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Meet The Election Assistance Commission *

Wednesday, April 9th, 2008


The U.S. Election Assistance Commission is an independent, bipartisan commission created by the Help America Vote Act of 2002. It will be holding a public meeting in Minnesota on the 16th. The EAC is operates the federal government’s first voting system certification program and is charged with making sure HAVA is executed-as-planned. They also adopt voluntary voting system guidelines that are, well, voluntary, and, according to their website, provide “best practices and resources to election officials throughout the nation.”

In Minnesota, here’s what they’ll be working on:

* Recommendation to Modify EAC Advisory 07-003-A on Maintenance of Effort Funding — Vice Chair Caroline C. Hunter
* Policy Proposal Regarding the Use of HAVA Funds — Vice Chair Caroline C. Hunter

Apparently you can only comment on the proposals. Here’s how: send an email to HAVAInfo@eac.gov. But it will probably be cooler to show up in person. Here’s the info:

WHAT: Public Meeting ( 1:00 pm to 5:00 pm )
WHERE: Millennium Hotel in Minneapolis, MN
WHEN: 04/16/2008 from 1:00 pm to 5:00 pm
CONTACT NAME: Bryan Whitener
PHONE: 202-566-3100

* Add lawsuit: Pew’s electionline.org sent out word that the state of Arizona and the EAC are going head-to-head in court.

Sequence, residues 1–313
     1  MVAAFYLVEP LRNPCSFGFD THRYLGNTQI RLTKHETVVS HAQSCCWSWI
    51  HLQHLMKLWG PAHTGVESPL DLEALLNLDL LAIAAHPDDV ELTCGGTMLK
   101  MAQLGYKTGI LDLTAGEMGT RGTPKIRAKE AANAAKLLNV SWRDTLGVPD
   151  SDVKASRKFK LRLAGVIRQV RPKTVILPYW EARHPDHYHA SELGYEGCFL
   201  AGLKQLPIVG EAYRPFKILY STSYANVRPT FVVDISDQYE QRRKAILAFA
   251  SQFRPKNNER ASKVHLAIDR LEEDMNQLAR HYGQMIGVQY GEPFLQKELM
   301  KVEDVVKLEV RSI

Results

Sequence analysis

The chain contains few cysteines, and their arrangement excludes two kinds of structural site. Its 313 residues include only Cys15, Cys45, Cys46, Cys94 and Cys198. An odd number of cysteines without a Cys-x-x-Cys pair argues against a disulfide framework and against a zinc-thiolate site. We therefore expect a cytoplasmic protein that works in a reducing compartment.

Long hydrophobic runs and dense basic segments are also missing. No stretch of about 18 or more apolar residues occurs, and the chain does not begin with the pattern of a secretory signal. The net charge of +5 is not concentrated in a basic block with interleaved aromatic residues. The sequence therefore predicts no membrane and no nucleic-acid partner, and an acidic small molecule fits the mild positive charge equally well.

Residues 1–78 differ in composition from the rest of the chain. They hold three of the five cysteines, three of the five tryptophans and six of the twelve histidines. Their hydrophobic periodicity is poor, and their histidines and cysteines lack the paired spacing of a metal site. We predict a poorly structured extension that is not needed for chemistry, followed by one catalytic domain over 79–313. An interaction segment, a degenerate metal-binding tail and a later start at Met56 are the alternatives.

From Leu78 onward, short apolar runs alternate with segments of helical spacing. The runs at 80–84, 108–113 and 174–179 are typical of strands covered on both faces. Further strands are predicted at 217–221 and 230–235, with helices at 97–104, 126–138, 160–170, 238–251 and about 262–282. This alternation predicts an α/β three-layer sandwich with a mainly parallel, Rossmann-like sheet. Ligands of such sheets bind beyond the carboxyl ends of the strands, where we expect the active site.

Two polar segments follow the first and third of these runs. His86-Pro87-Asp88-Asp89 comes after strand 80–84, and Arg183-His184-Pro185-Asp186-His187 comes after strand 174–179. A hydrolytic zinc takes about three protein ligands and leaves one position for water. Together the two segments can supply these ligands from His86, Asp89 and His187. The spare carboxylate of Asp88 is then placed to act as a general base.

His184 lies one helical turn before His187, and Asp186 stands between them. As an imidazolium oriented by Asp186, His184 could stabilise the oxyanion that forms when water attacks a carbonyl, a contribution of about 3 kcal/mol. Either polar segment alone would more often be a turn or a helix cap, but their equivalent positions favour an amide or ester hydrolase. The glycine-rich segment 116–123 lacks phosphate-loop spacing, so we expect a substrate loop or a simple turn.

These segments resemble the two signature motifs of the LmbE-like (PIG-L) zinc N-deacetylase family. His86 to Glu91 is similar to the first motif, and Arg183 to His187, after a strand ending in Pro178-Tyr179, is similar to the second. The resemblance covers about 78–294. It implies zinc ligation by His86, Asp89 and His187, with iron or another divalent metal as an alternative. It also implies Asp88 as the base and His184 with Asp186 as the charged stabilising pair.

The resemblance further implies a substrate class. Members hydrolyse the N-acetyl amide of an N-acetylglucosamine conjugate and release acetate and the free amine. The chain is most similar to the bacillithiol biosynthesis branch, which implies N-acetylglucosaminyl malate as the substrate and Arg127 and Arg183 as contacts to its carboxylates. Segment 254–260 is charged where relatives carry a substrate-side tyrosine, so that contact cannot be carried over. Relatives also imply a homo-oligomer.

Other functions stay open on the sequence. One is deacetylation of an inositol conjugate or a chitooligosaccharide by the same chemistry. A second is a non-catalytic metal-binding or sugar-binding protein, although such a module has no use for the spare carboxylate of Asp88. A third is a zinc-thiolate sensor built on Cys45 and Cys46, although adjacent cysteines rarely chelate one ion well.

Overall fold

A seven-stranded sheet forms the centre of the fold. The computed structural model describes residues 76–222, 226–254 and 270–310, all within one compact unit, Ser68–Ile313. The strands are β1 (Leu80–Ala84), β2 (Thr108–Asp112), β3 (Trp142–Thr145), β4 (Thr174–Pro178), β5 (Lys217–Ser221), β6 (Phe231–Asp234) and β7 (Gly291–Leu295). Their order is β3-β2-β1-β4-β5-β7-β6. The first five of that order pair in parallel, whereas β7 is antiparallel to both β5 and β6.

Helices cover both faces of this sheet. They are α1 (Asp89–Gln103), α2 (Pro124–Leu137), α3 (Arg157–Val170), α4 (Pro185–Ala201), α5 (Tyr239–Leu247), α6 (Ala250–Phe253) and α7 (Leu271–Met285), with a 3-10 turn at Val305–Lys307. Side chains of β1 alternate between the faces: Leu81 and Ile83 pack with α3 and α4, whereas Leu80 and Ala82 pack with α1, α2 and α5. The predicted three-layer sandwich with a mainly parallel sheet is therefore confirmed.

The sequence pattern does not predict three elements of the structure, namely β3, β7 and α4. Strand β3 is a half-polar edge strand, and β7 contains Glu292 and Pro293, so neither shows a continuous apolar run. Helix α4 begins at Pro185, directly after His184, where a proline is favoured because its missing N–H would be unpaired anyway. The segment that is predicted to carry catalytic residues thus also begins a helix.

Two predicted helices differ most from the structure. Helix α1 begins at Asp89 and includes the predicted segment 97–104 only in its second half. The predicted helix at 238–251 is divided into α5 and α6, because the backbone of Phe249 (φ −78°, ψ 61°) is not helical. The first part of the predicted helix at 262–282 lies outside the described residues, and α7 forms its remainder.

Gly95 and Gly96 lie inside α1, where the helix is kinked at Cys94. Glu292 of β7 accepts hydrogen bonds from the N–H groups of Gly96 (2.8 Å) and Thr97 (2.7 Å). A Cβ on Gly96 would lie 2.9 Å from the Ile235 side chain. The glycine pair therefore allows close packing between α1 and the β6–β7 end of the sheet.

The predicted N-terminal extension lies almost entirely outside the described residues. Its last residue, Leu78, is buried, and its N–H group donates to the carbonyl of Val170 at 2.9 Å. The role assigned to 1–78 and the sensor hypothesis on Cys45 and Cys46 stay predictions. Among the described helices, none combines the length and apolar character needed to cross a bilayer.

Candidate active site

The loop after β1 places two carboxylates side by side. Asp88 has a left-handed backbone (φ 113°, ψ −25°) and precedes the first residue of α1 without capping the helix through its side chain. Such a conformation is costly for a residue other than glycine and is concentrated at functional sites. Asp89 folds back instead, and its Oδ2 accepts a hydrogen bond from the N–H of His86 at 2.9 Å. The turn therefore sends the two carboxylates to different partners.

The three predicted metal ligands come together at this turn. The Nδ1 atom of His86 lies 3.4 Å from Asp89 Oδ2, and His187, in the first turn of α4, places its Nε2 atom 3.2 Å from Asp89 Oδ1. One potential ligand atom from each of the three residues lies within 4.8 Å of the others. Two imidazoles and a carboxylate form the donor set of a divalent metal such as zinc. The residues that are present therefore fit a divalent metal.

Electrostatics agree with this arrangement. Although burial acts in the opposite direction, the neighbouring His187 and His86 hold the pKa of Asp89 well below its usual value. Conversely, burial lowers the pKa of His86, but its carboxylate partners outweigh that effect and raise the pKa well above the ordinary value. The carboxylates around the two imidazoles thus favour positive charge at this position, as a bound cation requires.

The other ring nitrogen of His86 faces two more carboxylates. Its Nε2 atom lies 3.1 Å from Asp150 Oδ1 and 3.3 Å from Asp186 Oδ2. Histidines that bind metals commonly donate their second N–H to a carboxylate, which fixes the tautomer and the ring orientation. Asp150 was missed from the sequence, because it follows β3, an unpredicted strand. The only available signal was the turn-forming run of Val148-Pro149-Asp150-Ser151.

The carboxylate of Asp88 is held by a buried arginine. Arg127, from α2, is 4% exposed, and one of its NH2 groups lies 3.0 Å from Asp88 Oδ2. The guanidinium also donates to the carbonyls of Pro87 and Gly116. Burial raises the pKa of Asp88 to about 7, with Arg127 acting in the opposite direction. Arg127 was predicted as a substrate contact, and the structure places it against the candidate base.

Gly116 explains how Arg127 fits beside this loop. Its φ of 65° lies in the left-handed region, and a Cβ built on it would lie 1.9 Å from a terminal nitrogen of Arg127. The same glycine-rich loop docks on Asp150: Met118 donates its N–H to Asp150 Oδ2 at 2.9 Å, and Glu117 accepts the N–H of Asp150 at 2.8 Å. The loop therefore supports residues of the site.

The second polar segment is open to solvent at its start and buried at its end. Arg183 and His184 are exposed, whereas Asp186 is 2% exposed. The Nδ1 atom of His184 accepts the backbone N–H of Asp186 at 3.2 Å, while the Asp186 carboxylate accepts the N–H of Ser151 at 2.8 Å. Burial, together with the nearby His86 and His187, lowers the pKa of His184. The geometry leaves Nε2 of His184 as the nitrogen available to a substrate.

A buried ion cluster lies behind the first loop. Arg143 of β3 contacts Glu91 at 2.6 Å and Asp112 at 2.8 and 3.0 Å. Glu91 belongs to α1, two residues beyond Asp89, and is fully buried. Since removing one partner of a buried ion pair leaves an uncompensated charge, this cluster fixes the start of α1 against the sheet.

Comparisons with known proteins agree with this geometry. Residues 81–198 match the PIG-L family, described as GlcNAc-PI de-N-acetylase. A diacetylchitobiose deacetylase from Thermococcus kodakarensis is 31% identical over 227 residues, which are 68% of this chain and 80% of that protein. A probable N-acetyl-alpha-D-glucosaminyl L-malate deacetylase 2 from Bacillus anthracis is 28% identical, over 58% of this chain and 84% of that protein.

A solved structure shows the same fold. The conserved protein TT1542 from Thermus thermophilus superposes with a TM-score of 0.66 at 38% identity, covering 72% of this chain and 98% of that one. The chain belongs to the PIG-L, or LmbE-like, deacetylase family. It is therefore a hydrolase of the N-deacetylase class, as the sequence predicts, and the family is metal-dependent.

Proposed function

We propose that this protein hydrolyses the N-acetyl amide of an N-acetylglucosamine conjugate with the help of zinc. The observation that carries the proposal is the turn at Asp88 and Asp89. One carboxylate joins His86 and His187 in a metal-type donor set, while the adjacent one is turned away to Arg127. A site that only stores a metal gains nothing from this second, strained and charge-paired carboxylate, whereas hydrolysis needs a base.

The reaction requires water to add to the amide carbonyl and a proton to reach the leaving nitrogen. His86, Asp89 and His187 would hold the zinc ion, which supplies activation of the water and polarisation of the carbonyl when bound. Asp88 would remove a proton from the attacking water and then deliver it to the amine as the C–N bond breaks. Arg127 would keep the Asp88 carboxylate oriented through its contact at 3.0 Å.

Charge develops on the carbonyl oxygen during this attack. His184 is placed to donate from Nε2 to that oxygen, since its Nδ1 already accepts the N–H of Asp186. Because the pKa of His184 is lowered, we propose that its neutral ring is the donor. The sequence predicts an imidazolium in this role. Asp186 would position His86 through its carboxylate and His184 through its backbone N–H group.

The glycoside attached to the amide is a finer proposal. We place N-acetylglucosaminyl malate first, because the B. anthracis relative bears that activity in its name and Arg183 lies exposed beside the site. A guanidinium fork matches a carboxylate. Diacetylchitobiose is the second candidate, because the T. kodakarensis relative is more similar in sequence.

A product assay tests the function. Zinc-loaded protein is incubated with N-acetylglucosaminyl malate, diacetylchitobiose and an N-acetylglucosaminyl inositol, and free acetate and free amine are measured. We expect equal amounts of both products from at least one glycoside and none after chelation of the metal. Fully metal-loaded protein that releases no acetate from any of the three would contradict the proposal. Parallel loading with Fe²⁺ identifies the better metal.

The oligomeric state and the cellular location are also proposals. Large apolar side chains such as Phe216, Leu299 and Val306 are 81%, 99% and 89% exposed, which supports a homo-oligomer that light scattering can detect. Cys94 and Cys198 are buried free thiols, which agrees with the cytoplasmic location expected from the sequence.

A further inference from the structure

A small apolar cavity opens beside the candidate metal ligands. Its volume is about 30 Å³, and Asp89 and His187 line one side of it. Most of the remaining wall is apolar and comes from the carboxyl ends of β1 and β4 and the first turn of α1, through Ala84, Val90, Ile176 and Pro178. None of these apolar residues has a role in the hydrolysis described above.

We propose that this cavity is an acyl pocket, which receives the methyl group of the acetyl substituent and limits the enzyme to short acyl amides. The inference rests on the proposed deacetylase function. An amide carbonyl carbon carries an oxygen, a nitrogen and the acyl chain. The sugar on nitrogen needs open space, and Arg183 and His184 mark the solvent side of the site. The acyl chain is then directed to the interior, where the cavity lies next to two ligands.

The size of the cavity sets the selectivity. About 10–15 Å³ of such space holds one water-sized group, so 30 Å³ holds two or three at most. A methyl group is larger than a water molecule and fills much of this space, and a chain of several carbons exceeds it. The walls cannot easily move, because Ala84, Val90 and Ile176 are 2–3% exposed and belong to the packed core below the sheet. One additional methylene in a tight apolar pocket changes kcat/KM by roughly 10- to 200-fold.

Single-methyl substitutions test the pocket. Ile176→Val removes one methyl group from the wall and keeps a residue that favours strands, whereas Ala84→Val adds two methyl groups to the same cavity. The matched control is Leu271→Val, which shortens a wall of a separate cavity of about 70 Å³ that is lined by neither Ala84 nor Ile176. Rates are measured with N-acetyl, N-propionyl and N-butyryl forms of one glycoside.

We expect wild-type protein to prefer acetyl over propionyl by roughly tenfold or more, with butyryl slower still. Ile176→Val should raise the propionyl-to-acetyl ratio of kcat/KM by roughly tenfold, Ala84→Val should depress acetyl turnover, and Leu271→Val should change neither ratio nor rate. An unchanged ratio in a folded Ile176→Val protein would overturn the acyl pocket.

An unresolved debate at the federal Election Assistance Commission (EAC) over changing Arizona’s instructions for the federal mail-in voter registration form has prompted Secretary of State Jan Brewer (R) to move forward with legal action against the federal agency.

The bipartisan commission has been split for months on whether to amend the state’s instructions to include Arizona’s 2004 requirement that voter registration applications include documents that indicate proof of citizenship.

Two weeks ago, art a meeting in Denver, the four EAC commissioners- two Democrats and two Republicans – again deadlocked 2-2 along party lines on Arizona’s request to make the change and a frustrated Brewer said she wants to move the debate to the courts. Minor changes to instructions in seven other states were approved at the same meeting.

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